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Published on Jul 21, 2011 by Edgar Snyder

Brain Injuries May Increase Risk of Dementia

brain injury

University of California-San Francisco researchers conducted a study on older war veterans and found that those who suffered traumatic brain injuries (TBI) were at much higher risk of developing dementia than those who didn't.

Approximately 1.7 million people experience a TBI every year. The main causes include falls and car accidents, but many others exist – like combat-related injuries and injuries from explosions.

The scientists, who presented the findings at the Alzheimer's Association's annual International Conference in Paris, reviewed medical records of nearly 300,000 veterans ages 55 and older. About 2 percent had suffered a TBI, such as a concussion, post-concussion syndrome, a skull fracture, or other types of head injuries. The findings suggest a 15 percent risk of dementia for those with a previous TBI, as opposed to 7 percent for those who never suffered one.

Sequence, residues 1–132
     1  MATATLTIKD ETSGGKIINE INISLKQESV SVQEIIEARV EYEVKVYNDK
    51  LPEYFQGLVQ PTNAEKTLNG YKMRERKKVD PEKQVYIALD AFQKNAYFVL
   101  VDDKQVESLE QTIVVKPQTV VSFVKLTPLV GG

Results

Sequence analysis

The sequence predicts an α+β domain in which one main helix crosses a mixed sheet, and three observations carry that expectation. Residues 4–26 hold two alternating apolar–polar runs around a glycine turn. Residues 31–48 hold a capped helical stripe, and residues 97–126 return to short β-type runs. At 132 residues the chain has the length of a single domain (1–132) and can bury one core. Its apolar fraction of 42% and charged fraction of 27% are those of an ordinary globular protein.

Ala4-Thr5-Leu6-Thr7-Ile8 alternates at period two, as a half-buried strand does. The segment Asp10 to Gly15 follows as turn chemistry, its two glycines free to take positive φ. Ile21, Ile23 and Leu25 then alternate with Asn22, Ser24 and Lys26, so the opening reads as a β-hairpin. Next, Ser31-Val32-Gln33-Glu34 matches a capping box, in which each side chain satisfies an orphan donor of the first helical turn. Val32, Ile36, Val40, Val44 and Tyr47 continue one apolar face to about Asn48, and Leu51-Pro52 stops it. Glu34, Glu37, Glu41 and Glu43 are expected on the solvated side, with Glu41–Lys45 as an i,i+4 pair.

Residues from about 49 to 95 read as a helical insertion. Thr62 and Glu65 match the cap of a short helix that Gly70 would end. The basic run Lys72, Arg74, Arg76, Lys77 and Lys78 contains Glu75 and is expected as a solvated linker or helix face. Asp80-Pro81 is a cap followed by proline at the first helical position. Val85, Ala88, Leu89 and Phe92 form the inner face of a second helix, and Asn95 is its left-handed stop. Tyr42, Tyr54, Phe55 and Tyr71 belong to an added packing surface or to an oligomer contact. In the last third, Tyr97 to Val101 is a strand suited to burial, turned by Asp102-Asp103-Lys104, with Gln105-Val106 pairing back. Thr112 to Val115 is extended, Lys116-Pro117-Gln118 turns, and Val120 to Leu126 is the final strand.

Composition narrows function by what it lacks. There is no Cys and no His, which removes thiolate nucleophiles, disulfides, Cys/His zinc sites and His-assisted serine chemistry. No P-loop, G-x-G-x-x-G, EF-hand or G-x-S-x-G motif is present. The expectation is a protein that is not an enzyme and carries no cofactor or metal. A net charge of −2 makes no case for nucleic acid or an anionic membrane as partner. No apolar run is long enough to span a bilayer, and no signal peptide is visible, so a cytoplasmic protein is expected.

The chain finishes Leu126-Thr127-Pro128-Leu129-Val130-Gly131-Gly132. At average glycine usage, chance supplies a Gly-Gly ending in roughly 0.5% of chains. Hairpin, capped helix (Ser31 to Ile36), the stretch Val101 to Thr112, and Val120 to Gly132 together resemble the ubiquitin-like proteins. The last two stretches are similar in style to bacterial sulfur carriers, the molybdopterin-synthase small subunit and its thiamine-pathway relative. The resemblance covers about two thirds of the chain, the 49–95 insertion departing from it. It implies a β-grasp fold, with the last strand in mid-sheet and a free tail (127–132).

This is not the first study that has shown TBI patients at higher risk for dementia. Research has shown that many retired professional football players and boxers suffer from mild cognitive impairment, or "pre-Alzheimer's," due to the high number of hits to the head they experienced in their careers. Scientists say more research is needed to learn whether early treatment and rehabilitation can help reduce that risk.

For more information on brain injuries, please visit EdgarSnyder.com.

"Traumatic Brain Injury Doubles Risk of Later Dementia." USA Today. July 18, 2011.
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